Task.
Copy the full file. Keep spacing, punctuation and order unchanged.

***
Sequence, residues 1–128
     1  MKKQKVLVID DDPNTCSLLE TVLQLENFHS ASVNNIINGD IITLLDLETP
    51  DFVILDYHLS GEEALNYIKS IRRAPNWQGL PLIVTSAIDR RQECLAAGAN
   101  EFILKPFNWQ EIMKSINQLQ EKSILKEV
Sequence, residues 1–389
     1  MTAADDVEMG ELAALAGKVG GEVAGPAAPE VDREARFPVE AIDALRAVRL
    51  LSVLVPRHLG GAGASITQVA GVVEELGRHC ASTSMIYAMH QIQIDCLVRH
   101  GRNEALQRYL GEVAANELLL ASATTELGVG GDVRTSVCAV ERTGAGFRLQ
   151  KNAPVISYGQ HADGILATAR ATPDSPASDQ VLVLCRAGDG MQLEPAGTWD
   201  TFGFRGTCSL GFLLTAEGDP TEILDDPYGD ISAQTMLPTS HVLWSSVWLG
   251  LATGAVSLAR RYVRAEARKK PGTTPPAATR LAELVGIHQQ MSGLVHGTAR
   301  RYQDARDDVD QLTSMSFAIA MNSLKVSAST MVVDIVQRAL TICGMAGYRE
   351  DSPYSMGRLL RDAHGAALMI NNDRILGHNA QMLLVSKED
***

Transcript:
Sequence, residues 1–128
     1  MKKQKVLVID DDPNTCSLLE TVLQLENFHS ASVNNIINGD IITLLDLETP
    51  DFVILDYHLS GEEALNYIKS IRRAPNWQGL PLIVTSAIDR RQECLAAGAN
   101  EFILKPFNWQ EIMKSINQLQ EKSILKEV
Sequence, residues 1–389
     1  MTAADDVEMG ELAALAGKVG GEVAGPAAPE VDREARFPVE AIDALRAVRL
    51  LSVLVPRHLG GAGASITQVA GVVEELGRHC ASTSMIYAMH QIQIDCLVRH
   101  GRNEALQRYL GEVAANELLL ASATTELGVG GDVRTSVCAV ERTGAGFRLQ
   151  KNAPVISYGQ HADGILATAR ATPDSPASDQ VLVLCRAGDG MQLEPAGTWD
   201  TFGFRGTCSL GFLLTAEGDP TEILDDPYGD ISAQTMLPTS HVLWSSVWLG
   251  LATGAVSLAR RYVRAEARKK PGTTPPAATR LAELVGIHQQ MSGLVHGTAR
   301  RYQDARDDVD QLTSMSFAIA MNSLKVSAST MVVDIVQRAL TICGMAGYRE
   351  DSPYSMGRLL RDAHGAALMI NNDRILGHNA QMLLVSKED